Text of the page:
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=head1 NAME

btool_faq - Frequently-Asked Questions about btparse and Text::BibTeX

=head1 DESCRIPTION

This document attempts to address questions that I have been asked
several times, and are easy to answer -- but not by perusing the
documentation.  For various reasons, the answers tend to be thinly
distributed across several man pages, making it difficult to figure out
what's going on.  Hence, this man page will attempt to tie together
various strands of thought, providing quick, focused, "How do I do X?"
answers as opposed to lengthy descriptions of the capabilities and
conventions of the btOOL libraries.

=head1 PERL LIBRARY

This section covers questions that users of C<Text::BibTeX>, the Perl
component of B<btOOL>, have asked.

=head2 Why aren't the BibTeX "month" macros defined?

Because they're bibliography-specific, and C<Text::BibTeX> by default
doesn't impose any assumptions about a particular type of database or
data-processing domain on your entries.  The problem arises when you
parse entries from a file, say F<foo.bib> that quite sensibly use the
month macros (C<jan>, C<feb>, etc.) provided by the BibTeX standard
style files:

   $bibfile = Text::BibTeX::File->new('foo.bib')    # open file
      or die "foo.bib: $!\n";
   $entry = Text::BibTeX::Entry->new($bibfile);     # parse first entry

Using this code, you might get an "undefined macro" warning for every
entry parsed from F<foo.bib>.  Apart from the superficial annoyance of
all those warning messages, the undefined macros are expanded as empty
strings, meaning you lose any information about them---not good.

You could always kludge it and forcibly define the month macros
yourself.  Prior to release 0.30, this had to be done by parsing a set
of fake entries, but now C<Text::BibTeX> provides a direct interface to
the underlying macro table.  You I<could> just do this before parsing any
entries:

   use Text::BibTeX qw(:macrosubs);
   # ...
   my %month = (jan => 'January', feb => 'February', ... );
   add_macro_text ($macro, $value) 
      while (($macro, $value) = each %month);

But there's a better way that's more in keeping with how things are done
under BibTeX (where default macros are defined in the style file): use
C<Text::BibTeX>'s object-oriented analogue to style files, called
structure modules.  C<Text::BibTeX> provides a structure module,
C<Text::BibTeX::Bib>, that (partially) emulates the standard style files
of BibTeX 0.99, including the definition of month macros.  Structure
modules are specified on a per-file basis by using the C<set_structure>
method on a C<Text::BibTeX::File> object.  It's quite simple to tell
C<Text::BibTeX> that entries from C<$bibfile> are expected to conform to
the C<Bib> structure (which is implemented by the C<Text::BibTeX::Bib>
module, but you don't really need to know that):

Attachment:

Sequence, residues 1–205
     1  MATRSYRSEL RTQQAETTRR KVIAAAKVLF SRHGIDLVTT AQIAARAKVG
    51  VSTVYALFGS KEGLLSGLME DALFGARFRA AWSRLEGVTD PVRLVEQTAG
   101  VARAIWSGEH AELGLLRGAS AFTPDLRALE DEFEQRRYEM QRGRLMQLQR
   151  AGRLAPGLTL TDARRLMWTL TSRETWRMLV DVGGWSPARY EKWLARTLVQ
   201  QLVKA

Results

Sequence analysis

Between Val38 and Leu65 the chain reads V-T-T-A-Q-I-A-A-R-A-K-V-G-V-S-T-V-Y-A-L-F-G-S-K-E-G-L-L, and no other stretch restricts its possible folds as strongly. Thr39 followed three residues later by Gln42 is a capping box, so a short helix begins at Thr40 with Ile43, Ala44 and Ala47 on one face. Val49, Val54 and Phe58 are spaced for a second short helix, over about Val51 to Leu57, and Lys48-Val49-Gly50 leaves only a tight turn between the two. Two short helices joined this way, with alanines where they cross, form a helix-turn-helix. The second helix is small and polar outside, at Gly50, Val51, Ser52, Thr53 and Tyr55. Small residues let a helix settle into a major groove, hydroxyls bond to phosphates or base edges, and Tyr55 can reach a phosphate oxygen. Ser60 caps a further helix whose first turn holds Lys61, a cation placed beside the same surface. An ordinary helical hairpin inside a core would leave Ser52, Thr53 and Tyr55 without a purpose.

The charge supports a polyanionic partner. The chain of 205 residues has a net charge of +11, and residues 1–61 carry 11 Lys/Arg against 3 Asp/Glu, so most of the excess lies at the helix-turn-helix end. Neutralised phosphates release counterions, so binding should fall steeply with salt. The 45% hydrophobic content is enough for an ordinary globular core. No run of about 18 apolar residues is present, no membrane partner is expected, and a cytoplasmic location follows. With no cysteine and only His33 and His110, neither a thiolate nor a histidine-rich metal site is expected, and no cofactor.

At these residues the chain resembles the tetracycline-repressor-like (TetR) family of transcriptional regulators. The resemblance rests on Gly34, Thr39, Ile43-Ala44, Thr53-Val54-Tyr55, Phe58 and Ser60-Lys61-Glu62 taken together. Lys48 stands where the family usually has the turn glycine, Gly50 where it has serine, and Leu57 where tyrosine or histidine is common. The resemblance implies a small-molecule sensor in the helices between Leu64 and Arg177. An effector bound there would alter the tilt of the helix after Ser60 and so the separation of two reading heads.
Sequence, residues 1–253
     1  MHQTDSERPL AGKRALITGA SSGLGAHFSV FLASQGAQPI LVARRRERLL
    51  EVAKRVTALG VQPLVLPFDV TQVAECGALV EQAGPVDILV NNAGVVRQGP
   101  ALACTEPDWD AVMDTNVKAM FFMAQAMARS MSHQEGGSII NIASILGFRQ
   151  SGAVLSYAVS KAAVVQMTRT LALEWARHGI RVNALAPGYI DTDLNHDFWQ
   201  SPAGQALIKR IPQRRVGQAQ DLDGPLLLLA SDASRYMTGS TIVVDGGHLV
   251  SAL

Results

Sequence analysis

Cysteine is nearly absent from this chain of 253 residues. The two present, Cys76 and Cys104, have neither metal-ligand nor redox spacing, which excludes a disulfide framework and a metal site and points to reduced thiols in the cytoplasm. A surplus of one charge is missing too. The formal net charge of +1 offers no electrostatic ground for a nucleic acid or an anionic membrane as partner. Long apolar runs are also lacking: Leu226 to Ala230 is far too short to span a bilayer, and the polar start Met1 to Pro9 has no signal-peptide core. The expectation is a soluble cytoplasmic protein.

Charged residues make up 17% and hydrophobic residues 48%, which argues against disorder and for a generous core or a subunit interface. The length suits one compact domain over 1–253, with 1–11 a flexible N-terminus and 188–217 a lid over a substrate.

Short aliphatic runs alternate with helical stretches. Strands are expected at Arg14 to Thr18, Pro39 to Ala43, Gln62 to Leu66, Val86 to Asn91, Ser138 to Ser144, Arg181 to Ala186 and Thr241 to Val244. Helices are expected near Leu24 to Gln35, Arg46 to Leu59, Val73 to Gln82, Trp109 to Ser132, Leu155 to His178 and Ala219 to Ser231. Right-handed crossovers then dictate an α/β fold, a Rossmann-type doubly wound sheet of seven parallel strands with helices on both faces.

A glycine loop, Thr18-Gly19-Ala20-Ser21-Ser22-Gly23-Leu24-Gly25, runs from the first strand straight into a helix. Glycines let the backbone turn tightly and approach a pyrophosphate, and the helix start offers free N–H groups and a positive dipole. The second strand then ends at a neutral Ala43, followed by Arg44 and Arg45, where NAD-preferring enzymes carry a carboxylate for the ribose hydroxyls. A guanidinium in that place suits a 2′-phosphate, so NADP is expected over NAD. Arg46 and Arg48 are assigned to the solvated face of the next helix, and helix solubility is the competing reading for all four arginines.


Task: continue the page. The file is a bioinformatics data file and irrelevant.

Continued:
$bibfile = Text::BibTeX::File->new('foo.bib')
      or die "foo.bib: $!\n";
   $bibfile->set_structure ('Bib');

You probably shouldn't hardcode the name of a particular structure in
your programs, though, as there will eventually be a multitude of
structure modules to choose from (just as there are a multitude of
BibTeX style files to choose from).  My preferred approach is to make
the structure a command-line option which defaults to C<Bib> (since
that's the only structure actually implemented as of this writing).

=head2 How do I append to a BibTeX file?

Just open it in append mode, and write entries to it as usual.
Remember, a C<Text::BibTeX::File> object is mainly a wrapper around an
C<IO::File> object, and the C<Text::BibTeX::File::open> method (and thus
C<new> as well) is just a front-end to C<IO::File::open>.
C<IO::File::open>, in turn, is a front-end either to Perl's builtin
C<open> (if called with one argument) or C<sysopen> (two or three
arguments).  To save you the trouble of going off and reading all those
man pages, here's the trick: if you pass just a filename to
C<Text::BibTeX::File>'s C<new> method, then it's treated just like a
filename passed to Perl's builtin C<open>:

   my $append_file = Text::BibTeX::File->new(">>$filename")
      or die "couldn't open $filename for appending: $!\n";

opens C<$filename> for appending.  If, later on, you have an entry from
another file (say C<$entry>), then you can append it to C<$append_file>
by just writing it as usual:

   $entry->write ($append_file);

See C<append_entries> in the F<examples/> subdirectory of the
C<Text::BibTeX> distribution for a complete example.

=head1 C LIBRARY

This section covers frequently-asked questions about B<btparse>, the C
component of B<btOOL>.

=head2 Is there a Python binding for B<btparse> yet?

Not that I know of.  I haven't written one.  If you do so, please let me
know about it.

=head1 SEE ALSO

L<btparse>, L<Text::BibTeX>

=head1 AUTHOR

Greg Ward <gward@python.net>

=head1 COPYRIGHT

Copyright (c) 1997-2000 by Gregory P. Ward.  All rights reserved.  This file
is part of the Text::BibTeX library.  This library is free software; you
may redistribute it and/or modify it under the same terms as Perl itself.